Yeah, absolutely. I’ve been studying booms and busts for a long time. Since the mid 90s. This is literally the only work I’ve done in my adult life. And just to do a shameless plug right at the beginning, I just published a book called The demise of the dollar, which looks at booms and busts as they pertain to fiat currencies in the world. And US dollar is deeply connected to the Aussie dollar. And I addressed some of that, and also, the dollar is a reserve currency of the world. So like even the Aussie banks or New Zealand or Japan or European banks, US and China as well, which is a big part of the story, use the dollar to store their wealth in. So there’s, there’s a symbiotic international connection between my currency and yours. And that’s what that’s what I’ve been interested in for this particular book. But I’ve also been studying booms and busts going all the way back to the famous ones like the tulip bubble and the Mississippi scheme from John La, back in the early 1700s. And then the South Sea bubble which the bankers from from London just ripped off John Maas idea and then they went bust too. So booms and busts are pretty common in the financial cycle of of our lives. And we’re we have just gone through one and that’s what anatomy of a bust. It’s just a special report we put out because it was interesting to have our very own movement boss how Ben right in front of our faces, it starts really in 2018, where a lot of people were using low interest rates that the Fed was fed had kept interest rates low to recover from the 2008 bus for such a long period of time, that there’s like a whole group of traders who grew up in a world where interest rates were at zero or less than that. And so money was free, and they were speculating on all kinds of things. And one of the things they speculated on was cryptocurrencies in 2018. We had this massive bubble in, in cryptocurrencies and a lot of the banks that started failing in March of 2023, which we’re still I maintain, we’re still in that crunch. And I’ll explain why I think we’re still in it, and why we don’t talk about it that much anymore. But a lot of the banks like Silicon Valley Bank grabbed the headlines when they went bust in 48 hours, because they had invested all of the money they were getting from tech entrepreneurs. They had invested it in treasuries, and then the Fed started trying to battle interest rates. And they didn’t account they didn’t either believe the Fed would they didn’t have any risks. There actually was no risk officer on the payroll at Silicon Valley Bank at the time. And they didn’t realise what the impact of an aggressive rate rate hike policy by the Fed was going to be. And that was happening simultaneously with the collapse of X FTX, which was the crypto currency trading firm that a lot of tech startups had their money, had their money. So when they when FTX went bust, they had to pull their money out as fast as they could, or they just lost their money. And in the meantime, the startups were being also financed by Silicon Valley Bank, notably, and they needed their money back to keep their their startups going. So the conflicts of different trends follow the theme of booms and busts that we’ve seen throughout history. So when when it was happening, I was like, Oh, my God, this is our very own like we could write about, it’s actually happening right in front of us. So it’s, that’s what the special report is about is like how that actually happened. And when Silicon Valley Bank collapsed, it collapsed in 48 hours, because all these people wanted to take their money out to cover their own losses in crypto, that was technically what was robbing and they were just yanking their money out. And even though as you know, as credible bankers, we would look at the way that Silicon Valley had put their assets, more than 50% of their assets were in treasuries, which are meant to be, you know, the risk free asset that banks should hold anyway. But they didn’t calculate for the rising interest rates from the Fed to combat inflation. And then when there was a run on the bank, that’s what we call it. It wasn’t I mean, it’s a modern day, extraction of digits really. But when people started taking their money out, Silicon Valley Bank had to sell their treasuries at a loss. And it it happened very quickly. No one thought that with the FDIC, which is the Federal Deposit Insurance Corporation that was set up by the Treasury to like help small banks, stay solvent help, depositors stay solvent, nobody thought that can actually happen anymore. The FDIC was set up in the 30s, to combat some of the forces that were going on in Great Depression. And then the Treasury itself gets together they get all the Wall Street banks together, and they then they construct these bailout plans like what they did for first republic. So those, all of those things happen, and they were grabbing the headlines from March until like the beginning of May. But then our debt, what we call the debt ceiling debate. I prefer to call it the debt default debate over the dancin, and nobody’s really paying attention to the banks anymore, but the underlying issues of the Fed fighting inflation and over capitalization in treasuries. There’s 36 banks in the US that are still under FDIC protection, watch conservatorship, whatever you call it. And then there’s a bunch of other banks that are borderline if what happened in March where people started pulling their money out of banks as a sector in on Wall Street than those banks are going to be in trouble too. There’s a couple others that I’ve been keeping an eye on that that have the word PacWest was one of them. And they’re just banks that are lending to more risky clients. And then depending on the depending on treasuries to rule out there, or to keep their their investments safe. And depending on how long the Fed keeps raising rates, which I think they’re going to raise them again, because inflation is not under control. It’s not only under control here in the US, it’s not under control. In Australia, I think Australia was getting really aggressive recently. Why don’t they? Well,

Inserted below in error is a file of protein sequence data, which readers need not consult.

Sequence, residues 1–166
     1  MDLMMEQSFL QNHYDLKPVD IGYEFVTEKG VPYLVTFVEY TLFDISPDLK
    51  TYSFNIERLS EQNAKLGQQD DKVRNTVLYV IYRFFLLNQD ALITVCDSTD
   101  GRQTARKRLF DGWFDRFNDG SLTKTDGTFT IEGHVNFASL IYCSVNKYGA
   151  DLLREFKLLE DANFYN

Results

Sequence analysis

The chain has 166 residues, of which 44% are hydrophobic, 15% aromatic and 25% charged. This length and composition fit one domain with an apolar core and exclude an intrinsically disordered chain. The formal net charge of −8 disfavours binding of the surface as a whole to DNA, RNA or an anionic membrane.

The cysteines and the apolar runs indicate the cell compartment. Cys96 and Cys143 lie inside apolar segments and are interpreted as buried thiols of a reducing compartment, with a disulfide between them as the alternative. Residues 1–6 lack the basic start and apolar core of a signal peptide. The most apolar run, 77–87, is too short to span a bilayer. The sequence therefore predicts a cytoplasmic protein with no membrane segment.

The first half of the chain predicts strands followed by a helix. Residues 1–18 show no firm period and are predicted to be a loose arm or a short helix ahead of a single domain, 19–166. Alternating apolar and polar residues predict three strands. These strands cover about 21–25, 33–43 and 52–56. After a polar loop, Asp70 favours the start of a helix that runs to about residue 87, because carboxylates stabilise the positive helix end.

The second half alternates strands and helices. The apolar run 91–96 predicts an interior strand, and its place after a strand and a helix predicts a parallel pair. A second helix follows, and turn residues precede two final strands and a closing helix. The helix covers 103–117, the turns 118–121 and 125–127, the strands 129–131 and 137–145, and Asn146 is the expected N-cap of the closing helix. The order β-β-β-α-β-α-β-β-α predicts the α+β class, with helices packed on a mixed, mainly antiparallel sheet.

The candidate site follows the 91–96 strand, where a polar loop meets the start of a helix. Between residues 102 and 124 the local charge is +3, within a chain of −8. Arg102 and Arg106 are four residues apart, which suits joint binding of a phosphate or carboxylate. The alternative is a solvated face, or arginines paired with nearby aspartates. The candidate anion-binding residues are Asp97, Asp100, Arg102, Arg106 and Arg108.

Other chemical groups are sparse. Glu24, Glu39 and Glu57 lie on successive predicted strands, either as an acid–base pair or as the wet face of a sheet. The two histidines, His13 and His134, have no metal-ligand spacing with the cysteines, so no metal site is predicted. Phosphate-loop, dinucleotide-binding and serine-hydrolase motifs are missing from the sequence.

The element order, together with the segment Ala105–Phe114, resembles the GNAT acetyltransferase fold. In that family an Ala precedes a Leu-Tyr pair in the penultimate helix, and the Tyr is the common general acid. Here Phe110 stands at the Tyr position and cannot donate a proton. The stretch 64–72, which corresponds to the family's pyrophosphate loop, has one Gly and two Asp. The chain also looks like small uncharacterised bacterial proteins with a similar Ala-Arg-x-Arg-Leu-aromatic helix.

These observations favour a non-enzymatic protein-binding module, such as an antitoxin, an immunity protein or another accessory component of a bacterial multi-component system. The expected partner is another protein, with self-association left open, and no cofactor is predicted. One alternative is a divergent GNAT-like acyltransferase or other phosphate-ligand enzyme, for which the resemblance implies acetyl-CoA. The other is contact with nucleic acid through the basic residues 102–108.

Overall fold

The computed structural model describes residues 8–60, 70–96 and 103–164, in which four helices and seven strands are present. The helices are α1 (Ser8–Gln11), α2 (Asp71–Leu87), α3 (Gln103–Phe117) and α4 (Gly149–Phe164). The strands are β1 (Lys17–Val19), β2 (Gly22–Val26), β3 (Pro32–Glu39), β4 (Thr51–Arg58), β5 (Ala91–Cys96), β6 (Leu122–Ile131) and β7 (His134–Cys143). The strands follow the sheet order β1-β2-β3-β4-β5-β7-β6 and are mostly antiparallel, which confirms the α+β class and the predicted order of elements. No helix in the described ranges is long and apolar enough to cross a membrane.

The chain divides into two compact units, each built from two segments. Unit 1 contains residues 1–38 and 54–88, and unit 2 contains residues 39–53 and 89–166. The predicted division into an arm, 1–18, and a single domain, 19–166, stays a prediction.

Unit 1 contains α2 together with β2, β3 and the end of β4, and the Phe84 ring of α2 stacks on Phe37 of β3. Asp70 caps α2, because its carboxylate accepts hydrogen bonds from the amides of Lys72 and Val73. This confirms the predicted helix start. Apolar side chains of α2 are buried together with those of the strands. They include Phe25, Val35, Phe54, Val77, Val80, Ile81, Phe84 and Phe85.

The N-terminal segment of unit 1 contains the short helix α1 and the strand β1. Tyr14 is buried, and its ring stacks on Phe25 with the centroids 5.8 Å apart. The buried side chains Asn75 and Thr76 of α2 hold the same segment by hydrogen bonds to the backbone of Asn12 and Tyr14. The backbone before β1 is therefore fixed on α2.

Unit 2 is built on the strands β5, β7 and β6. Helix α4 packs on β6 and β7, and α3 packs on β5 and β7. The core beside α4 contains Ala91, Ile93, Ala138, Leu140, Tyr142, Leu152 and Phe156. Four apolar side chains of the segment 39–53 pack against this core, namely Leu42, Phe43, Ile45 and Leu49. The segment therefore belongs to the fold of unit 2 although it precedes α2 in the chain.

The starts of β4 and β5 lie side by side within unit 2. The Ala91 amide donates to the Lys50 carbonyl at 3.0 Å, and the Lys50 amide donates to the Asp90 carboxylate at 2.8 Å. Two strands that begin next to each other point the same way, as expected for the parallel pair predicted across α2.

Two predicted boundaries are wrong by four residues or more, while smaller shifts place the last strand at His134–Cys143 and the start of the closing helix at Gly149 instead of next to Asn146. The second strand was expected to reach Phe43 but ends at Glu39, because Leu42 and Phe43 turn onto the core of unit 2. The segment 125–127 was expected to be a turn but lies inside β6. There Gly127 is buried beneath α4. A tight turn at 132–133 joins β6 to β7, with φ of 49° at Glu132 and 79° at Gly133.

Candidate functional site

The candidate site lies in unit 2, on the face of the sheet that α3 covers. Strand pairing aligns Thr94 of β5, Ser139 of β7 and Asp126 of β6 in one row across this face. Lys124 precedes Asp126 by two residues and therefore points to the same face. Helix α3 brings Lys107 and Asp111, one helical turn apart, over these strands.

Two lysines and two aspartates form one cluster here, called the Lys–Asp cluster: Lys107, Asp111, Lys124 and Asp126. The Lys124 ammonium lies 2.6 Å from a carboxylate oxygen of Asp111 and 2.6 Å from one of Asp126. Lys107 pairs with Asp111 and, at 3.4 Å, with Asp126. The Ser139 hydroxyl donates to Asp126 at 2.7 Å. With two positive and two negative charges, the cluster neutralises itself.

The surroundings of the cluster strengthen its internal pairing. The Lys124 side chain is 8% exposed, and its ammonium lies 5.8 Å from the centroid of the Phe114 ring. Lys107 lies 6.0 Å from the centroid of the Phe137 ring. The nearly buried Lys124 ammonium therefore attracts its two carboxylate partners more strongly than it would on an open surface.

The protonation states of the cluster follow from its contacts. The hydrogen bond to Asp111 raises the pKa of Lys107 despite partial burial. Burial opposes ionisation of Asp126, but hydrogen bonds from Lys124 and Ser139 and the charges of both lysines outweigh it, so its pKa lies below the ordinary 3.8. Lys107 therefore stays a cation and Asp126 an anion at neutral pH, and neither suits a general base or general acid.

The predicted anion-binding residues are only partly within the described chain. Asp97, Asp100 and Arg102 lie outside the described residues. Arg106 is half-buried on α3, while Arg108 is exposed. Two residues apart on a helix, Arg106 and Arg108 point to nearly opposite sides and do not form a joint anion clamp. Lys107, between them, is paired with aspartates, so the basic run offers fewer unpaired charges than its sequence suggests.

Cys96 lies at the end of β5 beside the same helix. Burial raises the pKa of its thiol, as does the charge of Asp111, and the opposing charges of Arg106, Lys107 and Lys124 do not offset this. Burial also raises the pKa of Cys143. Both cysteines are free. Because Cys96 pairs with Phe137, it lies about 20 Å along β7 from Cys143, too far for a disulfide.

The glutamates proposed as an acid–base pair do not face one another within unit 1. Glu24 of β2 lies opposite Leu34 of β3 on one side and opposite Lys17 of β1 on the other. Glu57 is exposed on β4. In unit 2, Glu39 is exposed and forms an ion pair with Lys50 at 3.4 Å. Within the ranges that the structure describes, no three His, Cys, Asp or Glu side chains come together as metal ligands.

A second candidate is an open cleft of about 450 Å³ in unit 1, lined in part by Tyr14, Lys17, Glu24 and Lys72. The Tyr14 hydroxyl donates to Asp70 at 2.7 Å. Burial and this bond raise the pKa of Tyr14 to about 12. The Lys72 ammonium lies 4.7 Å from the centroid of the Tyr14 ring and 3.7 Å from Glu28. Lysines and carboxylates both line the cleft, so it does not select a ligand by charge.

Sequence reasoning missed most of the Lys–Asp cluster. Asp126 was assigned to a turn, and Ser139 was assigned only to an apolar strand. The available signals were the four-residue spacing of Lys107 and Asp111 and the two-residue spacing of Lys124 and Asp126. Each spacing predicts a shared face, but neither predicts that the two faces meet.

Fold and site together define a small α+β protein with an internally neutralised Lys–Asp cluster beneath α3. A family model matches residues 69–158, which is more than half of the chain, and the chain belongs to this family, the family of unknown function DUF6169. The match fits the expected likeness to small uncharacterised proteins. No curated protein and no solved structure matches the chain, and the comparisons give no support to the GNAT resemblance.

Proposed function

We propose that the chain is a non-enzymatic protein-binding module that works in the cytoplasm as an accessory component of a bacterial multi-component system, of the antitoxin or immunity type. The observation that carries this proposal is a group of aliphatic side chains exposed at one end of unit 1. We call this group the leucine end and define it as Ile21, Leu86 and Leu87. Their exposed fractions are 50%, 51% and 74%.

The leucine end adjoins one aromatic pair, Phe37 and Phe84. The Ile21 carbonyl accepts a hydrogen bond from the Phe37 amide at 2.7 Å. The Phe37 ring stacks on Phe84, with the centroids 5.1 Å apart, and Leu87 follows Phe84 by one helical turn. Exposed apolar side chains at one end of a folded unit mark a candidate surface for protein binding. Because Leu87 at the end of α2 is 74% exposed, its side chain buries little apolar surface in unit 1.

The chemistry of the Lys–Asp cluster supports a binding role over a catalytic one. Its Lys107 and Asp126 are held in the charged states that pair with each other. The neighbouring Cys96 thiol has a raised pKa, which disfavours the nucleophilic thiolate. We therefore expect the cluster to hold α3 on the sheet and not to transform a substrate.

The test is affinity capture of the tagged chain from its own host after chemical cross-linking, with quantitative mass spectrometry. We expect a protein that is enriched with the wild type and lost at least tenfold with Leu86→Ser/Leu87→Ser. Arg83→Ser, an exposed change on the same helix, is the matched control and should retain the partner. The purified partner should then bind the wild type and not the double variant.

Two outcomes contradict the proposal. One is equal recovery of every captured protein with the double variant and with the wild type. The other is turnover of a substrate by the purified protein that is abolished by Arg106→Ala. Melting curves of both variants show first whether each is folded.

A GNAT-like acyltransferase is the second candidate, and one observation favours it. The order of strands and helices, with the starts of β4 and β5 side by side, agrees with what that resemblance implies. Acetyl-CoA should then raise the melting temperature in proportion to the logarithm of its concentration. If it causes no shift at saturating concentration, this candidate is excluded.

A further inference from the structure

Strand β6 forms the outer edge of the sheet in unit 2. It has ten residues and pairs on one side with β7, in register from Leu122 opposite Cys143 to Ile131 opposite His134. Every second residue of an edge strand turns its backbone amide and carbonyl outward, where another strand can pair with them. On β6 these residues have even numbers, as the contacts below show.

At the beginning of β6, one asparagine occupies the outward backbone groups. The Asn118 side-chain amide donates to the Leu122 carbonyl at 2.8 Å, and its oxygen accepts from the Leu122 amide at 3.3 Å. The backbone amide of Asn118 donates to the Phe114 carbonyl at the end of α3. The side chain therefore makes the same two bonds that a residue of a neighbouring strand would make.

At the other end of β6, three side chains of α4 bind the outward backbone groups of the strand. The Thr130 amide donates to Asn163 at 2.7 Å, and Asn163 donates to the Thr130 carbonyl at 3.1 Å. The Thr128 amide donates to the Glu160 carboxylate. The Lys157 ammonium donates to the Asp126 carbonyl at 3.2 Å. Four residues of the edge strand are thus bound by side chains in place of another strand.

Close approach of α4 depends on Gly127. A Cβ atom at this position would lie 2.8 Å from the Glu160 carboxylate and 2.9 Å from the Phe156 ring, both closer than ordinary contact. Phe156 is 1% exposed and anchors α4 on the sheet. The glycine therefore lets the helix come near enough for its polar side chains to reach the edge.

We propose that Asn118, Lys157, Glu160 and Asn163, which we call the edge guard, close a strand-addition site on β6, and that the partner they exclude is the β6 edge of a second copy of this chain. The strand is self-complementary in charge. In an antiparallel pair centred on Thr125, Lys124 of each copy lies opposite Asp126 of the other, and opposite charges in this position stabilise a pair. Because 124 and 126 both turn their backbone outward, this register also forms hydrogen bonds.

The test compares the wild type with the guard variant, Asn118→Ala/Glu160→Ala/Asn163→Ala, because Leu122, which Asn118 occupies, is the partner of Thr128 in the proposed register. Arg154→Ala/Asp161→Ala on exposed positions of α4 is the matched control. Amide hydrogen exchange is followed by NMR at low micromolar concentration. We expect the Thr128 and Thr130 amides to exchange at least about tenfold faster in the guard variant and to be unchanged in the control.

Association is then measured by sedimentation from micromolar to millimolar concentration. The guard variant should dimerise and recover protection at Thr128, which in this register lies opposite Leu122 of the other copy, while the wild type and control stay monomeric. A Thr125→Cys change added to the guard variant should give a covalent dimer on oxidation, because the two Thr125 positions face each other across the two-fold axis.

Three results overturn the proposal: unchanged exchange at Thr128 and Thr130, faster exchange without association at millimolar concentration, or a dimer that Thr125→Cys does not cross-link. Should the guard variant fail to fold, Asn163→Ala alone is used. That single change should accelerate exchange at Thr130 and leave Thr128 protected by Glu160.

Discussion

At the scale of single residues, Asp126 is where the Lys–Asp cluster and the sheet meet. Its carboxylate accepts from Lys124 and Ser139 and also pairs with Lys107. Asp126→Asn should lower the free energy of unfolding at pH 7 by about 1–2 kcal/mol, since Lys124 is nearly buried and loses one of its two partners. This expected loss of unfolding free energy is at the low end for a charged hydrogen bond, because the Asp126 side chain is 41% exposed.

Gene Tunny  10:46